My FitBit logged 26,000 steps this day. First up, the Real Alcazar. Stunning. We arrived when it opened, and still fought the tour group and “selfie stick as sport” tourists. But as we wove around them, we experienced this:

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After spending the morning at the Alcazar, we wandered (notice lots of wandering and meandering on this trips? yup, no straight lines, anywhere) through the streets of Barrio Santa Cruz, looking for lunch and a little shopping. The shapes…the colors…the sky. Oh my. This alone deserved it’s own day.

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And then it happened.

The crash.

It was hot. We were tired. But we were on a mission to get it done. We fortified with tapas, sangria, and even ice cream, and came to the realization that we couldn’t and wouldn’t see and do everything. That we could only prepare for the next thing and would have to let go of the rest.  It was a moment, with our dogs yelping (that would be tired feet screaming) and our eyes and brains glazing over. But we wanted to see the Metropol Parasol. It wasn’t highly regarded in the guide books, it was out of the way, and we didn’t know exactly what it was, except that it claimed to be the world’s largest wooded structure. And it looked interesting enough to take a chance on it. We both admitted that this might not end well. But it did.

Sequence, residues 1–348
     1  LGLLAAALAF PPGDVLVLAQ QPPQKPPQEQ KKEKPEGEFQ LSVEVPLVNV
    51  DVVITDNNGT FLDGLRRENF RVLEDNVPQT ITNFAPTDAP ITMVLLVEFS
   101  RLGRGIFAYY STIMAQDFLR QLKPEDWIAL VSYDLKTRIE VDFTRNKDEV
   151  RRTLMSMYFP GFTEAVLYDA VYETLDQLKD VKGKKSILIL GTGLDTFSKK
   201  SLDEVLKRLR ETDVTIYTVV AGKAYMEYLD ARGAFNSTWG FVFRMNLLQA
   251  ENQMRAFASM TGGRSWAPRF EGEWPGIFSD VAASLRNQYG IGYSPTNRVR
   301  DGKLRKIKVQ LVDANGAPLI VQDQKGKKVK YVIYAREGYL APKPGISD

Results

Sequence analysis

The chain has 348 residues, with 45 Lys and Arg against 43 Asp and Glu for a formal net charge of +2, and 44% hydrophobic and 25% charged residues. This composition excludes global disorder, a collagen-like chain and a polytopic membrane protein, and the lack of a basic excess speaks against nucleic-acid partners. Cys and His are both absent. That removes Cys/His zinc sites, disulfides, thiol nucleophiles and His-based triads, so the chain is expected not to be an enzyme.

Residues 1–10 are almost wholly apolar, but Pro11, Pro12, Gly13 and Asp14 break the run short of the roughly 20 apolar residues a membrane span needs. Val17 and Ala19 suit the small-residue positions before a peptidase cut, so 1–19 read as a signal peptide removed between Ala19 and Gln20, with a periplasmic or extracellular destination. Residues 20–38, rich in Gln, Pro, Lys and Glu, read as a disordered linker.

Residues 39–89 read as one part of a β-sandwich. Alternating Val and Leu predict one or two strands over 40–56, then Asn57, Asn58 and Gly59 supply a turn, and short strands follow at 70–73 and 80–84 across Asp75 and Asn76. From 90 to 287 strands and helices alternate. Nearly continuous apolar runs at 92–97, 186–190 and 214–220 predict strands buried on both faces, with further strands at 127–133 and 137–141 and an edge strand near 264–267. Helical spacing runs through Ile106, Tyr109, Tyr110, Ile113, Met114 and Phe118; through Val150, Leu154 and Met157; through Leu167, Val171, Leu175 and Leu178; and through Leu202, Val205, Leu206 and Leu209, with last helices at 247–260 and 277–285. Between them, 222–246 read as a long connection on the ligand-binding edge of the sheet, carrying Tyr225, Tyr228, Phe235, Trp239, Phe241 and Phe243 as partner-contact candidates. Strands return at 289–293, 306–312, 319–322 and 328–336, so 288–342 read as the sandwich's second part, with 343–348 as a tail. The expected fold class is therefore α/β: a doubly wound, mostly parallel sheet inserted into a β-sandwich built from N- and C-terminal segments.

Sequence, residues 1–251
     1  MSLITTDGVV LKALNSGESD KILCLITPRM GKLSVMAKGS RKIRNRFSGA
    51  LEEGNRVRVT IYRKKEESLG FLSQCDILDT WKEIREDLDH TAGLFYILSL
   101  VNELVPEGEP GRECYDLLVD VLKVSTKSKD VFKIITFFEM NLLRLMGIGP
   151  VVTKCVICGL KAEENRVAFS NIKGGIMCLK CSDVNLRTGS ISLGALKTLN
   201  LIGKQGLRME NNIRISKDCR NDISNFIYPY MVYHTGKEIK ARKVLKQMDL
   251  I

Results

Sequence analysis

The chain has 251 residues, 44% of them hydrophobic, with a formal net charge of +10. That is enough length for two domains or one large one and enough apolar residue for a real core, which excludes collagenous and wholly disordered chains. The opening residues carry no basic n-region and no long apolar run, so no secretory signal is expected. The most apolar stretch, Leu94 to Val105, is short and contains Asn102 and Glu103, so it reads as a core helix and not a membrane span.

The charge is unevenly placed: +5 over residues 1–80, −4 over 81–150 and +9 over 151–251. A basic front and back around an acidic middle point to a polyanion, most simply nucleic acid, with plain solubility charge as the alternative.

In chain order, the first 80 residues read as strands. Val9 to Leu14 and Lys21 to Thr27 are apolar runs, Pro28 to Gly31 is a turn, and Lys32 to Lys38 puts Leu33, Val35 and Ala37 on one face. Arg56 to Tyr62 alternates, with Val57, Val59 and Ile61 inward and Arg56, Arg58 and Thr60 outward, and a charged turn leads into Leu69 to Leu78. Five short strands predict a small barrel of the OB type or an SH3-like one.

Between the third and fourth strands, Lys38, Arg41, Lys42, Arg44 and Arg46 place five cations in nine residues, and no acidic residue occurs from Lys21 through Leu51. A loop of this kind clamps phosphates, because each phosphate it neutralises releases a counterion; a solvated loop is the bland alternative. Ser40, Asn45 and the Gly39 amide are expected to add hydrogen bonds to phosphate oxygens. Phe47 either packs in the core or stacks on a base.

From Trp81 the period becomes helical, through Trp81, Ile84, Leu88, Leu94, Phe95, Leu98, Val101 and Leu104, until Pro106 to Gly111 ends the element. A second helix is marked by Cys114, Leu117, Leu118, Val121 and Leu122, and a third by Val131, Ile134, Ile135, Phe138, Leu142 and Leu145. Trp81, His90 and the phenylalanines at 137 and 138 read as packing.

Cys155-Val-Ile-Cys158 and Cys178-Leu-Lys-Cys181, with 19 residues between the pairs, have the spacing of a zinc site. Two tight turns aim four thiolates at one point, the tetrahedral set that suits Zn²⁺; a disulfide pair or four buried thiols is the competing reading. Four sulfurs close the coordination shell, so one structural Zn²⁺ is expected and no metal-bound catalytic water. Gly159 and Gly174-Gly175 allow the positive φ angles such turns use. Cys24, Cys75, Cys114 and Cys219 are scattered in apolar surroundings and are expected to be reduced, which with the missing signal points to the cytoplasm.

We still don’t know exactly what this was, as it was closed (there is a walkway, which we never were able to access), but we had the patio mostly to ourselves (along with a couple practicing their salsa dancing), and they served Coca Cola Lite, and all was well and inspired in our world for a few more hours.

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But there’s more. We made it back for the most important event of the day, siesta (or siesta-izing, as Steve calls it) for an hour. Then we met our new friends, Carol and Garry (from Vancouver, picked up in San Sebastian on our Pintxos Crawl) for Flamenco. This is what I have to say about Flamenco…if I had this, menopause would have been a much different experience. Attitude is everything.